Thérèse de Dillmont

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Thérèse de Dillmont
Therese-de-Dillmont.jpg
portrait
Born 10 October 1846
Wiener Neustadt
Died 22 May 1890(1890-05-22) (aged 43)
Nationality Austrian
Spouse(s) Joseph Scheuermann

Thérèse de Dillmont (10 October 1846 – 22 May 1890) was an Austrian needleworker and writer. Dillmont's Encyclopedia of Needlework (1886) has been translated into 17 languages.[1] She owned a string of shops in European capitals and she was "one of the most important pioneers in the international and multicultural enterprise of hobby needlework in the late nineteenth century".[2]

Life[edit]

Thérèse Maria Josepha de Dillmont was born in 1846 in Wiener Neustadt the youngest of five children. Her mother was Franziska Schwendtenwein and her father, Ferdinand, was a Professor of architecture at the Military Academy. Dillmont attended an embroidery school founded by the Empress Marie-Theresa.[3] After her father died in 1857, Dillmont was brought up and educated in Vienna.[2]

In 1884 Dillmont left the embroidery school that she had started with her sister Franziska and moved to France where she wrote her encyclopedia.[3] Dillmont's book on needlework was published after Sophia Frances Anne Caulfeild and Blanche Catherine Saward‍‍ '​‍s Dictionary of Needlework. Creators of these vast works were assisted by the copyright law which allowed authors to freely borrow material from periodicals.[3] The book pulled together thousands of textile designs from many different countries including Egypt, Bulgaria, Turkey and China.[2]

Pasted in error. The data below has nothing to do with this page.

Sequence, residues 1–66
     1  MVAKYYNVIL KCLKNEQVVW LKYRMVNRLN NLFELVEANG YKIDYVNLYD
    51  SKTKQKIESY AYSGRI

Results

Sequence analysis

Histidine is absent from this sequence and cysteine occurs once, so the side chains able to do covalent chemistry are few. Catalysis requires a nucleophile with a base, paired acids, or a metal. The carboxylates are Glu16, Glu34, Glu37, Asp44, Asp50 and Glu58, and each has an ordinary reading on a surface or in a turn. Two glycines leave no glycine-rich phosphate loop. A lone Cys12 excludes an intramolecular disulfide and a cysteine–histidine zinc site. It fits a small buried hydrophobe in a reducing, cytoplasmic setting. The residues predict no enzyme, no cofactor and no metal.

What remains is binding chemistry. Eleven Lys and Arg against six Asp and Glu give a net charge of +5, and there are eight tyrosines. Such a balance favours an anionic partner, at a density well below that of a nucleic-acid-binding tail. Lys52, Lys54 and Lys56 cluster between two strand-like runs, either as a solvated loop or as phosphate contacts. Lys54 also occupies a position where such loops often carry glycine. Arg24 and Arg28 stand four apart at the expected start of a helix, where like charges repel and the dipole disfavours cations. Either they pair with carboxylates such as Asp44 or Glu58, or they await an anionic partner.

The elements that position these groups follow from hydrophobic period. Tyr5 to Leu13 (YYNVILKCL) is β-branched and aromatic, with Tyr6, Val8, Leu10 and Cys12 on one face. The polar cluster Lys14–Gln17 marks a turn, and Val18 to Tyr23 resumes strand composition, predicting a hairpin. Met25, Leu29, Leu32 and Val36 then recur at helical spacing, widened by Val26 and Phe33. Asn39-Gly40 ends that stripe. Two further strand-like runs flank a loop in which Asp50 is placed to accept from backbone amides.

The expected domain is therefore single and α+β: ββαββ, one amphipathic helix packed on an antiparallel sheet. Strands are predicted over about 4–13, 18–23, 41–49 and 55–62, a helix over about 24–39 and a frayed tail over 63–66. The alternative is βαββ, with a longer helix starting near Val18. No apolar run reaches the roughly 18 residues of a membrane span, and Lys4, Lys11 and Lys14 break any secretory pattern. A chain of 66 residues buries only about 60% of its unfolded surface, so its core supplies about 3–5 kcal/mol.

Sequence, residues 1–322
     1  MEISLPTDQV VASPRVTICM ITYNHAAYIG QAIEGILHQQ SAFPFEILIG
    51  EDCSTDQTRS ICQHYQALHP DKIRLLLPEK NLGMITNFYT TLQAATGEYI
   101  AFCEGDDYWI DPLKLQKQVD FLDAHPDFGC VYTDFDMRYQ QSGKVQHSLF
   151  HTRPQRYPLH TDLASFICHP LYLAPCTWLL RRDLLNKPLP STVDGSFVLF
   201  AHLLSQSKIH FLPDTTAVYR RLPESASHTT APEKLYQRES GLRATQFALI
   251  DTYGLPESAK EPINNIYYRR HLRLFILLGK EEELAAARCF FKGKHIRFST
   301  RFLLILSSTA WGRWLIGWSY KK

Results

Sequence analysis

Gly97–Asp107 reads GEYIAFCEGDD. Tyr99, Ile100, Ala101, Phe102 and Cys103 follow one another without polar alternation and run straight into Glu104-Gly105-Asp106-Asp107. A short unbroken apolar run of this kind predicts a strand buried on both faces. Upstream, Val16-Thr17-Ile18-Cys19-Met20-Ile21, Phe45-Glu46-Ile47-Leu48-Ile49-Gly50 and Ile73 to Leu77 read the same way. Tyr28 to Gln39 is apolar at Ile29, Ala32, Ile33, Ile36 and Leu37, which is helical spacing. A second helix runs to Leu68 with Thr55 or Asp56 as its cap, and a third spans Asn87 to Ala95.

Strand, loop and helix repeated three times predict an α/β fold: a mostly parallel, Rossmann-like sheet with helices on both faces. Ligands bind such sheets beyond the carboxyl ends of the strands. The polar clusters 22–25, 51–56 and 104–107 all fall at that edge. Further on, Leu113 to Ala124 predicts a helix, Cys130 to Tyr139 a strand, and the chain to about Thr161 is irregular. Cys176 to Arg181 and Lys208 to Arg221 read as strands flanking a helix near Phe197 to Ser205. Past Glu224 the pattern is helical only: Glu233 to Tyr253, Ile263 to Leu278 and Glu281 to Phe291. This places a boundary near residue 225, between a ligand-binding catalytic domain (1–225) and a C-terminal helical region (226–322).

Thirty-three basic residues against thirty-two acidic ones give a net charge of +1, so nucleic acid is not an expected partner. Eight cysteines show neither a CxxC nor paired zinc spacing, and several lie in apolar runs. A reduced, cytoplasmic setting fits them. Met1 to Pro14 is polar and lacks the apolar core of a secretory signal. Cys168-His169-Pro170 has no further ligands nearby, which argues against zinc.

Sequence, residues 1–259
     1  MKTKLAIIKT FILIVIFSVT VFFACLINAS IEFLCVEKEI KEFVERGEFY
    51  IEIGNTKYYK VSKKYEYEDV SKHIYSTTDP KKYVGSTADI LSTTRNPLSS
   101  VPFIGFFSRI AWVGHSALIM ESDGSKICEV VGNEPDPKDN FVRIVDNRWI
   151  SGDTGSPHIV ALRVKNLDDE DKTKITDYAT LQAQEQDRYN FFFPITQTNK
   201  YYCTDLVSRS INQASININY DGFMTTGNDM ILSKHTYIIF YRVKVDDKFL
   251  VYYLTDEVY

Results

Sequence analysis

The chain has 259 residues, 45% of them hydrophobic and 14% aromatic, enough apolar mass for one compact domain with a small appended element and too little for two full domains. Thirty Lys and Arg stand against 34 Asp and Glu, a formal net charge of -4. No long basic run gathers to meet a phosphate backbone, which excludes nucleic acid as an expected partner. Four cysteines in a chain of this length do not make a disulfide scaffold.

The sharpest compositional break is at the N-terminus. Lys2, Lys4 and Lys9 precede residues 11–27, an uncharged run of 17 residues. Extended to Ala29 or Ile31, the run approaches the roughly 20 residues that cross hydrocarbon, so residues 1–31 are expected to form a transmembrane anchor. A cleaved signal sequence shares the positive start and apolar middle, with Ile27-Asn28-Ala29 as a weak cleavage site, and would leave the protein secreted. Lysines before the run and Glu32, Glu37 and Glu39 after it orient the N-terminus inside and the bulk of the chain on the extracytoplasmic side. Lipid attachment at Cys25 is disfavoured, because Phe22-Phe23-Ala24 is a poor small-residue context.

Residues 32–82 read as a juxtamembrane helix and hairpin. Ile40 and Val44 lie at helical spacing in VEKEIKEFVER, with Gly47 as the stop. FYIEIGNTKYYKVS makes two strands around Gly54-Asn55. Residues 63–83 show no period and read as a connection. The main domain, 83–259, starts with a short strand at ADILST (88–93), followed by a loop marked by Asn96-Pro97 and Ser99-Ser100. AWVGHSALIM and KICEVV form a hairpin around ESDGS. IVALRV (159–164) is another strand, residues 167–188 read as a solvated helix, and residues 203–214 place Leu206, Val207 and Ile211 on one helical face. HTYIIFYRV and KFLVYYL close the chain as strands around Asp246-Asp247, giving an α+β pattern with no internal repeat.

Dillmont apologised for including instructions on hand sewing as machine sewing was much faster.

What is the use of describing all the old well-known stitches,
when machines have so nearly superseded the slower process of hand-sewing?[4]

She did however include a section on machine sewing. This work was aimed at the fashion for needlework and it competed with the Dictionary of Needlework and Weldon's Practical Needlework which was published in monthly parts from 1886. Dillmont's book was tied in with Dollfus-Meig et Cie, a French thread company, and these products were recommended to her readers.[3] In 1884 she had started working with the Alsatian-French textile firm (DMC) at Mulhouse after signing an agreement on 26 October 1884 with Jean Dollfus.[2]

Dollfus was introducing new processes like mercerized cotton,[5] and with Dillmont's help, DMC became known for its publications that stood out from previous books because they included clear instructions and illustrations for their designs.[2] Dillmont's own textile school was at Dornach near Mulhouse,[5] but Dillmont travelled widely as she had her own shops in Vienna, London, Paris and Berlin.[3]

Dillmont died after just four months of marriage at the age of 45.[3]

Legacy[edit]

Dillmont's name was an asset to the DMC company and they continued to publish books under her name after her death. Over 100 books were attributed to Dillmont or her niece who was said to have an identical name. The books continued to be improved and iron-on transfers were included in her books in the twentieth century. In 2004 a translation of her encyclopedia into Russian was published. Her work is available in seventeen languages.[2]

Works include[edit]

  • Encyclopédie des ouvrages des dames. Translated as Encyclopedia of Needlework, 1886.
  • Album de broderies au point de croix, 3 vols., [c.1890]

References[edit]

  1. ^ Marianne Stradal, 'Therese de Dillnmont (1846–1890)', Textilkunst 3 (1979). Reprinted online by Anne Wanner. Retrieved 27 April 2013.
  2. ^ a b c d e f Rachel P. Maines (19 June 2009). Hedonizing Technologies: Paths to Pleasure in Hobbies and Leisure. JHU Press. p. 71. ISBN 978-0-8018-9794-8. 
  3. ^ a b c d e f Ledbetter, Kathryn (2012). Victorian Needlework. Crafts & Hobbies. p. 73. ISBN 0313386609. 
  4. ^ Encyclopedia of Needlework, Wikisource
  5. ^ a b DMC History, DMCCreative, retrieved 27 October 2014

External links[edit]